The American health authorities (FDA) proposed on Friday January 27 a new relaxation of the restrictions governing blood donations from homosexual and bisexual men since the 1980s, by abolishing the period of prior abstinence of 90 days, in favor of a individual assessment.
The restriction was total until 2015, then access subject to a period of sexual abstinence of one year and reduced to three months after serious shortages of blood during the Covid-19 pandemic in 2019. donors were forced to do so, even as an exclusive couple. But under the new guidelines, they will have to complete a questionnaire and state whether they have had new or multiple sexual partners in the past three months, as is customary for heterosexuals.
“Maintaining a safe supply of blood and blood products is paramount”, said in a press release Robert Califf, the commissioner of the Food and Drug Administration (FDA). And “this proposal for an individual risk assessment regardless of gender or sexual orientation will allow us to continue to use the best scientific procedures”. But these measures must still be debated publicly, before a decision is made in 60 days.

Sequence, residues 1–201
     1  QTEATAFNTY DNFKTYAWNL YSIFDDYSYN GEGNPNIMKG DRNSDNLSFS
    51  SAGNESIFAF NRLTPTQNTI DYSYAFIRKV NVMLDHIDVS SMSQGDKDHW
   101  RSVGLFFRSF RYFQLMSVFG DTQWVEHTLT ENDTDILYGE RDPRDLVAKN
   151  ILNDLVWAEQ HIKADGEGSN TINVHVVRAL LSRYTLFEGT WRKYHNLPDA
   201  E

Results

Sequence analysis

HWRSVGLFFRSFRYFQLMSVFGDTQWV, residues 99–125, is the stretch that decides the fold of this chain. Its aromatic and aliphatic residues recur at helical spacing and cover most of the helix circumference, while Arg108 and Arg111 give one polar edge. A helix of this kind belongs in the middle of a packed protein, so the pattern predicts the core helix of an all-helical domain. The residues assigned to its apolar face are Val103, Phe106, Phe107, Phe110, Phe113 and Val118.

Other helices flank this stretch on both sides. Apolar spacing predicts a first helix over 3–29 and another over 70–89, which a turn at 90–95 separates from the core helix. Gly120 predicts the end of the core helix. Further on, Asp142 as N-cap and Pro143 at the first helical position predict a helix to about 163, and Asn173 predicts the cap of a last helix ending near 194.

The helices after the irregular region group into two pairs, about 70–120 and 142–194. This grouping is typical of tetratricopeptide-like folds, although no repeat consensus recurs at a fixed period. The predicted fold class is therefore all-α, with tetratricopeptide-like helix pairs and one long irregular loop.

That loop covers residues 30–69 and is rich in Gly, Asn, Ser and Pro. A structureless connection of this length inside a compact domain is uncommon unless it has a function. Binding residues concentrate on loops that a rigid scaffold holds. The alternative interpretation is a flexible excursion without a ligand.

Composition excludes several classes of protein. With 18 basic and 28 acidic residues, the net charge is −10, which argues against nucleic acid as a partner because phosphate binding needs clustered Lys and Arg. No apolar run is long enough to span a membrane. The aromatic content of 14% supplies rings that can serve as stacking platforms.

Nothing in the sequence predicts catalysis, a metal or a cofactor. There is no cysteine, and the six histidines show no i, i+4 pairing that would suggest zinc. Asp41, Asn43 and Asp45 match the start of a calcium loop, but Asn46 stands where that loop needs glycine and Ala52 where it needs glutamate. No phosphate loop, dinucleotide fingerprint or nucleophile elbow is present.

According to a report by the Williams Institute, a UCLA law school think tank, this relaxation of criteria would increase the blood supply by 2 to 4 percent per year.
People on pre-exposure prophylaxis (PrEP), HIV preventive treatment, or other medical treatment remain subject to a three-month deferment period. Under injectable PrEP, within two years of the last injection. The ban remains in effect for people who have tested positive for HIV.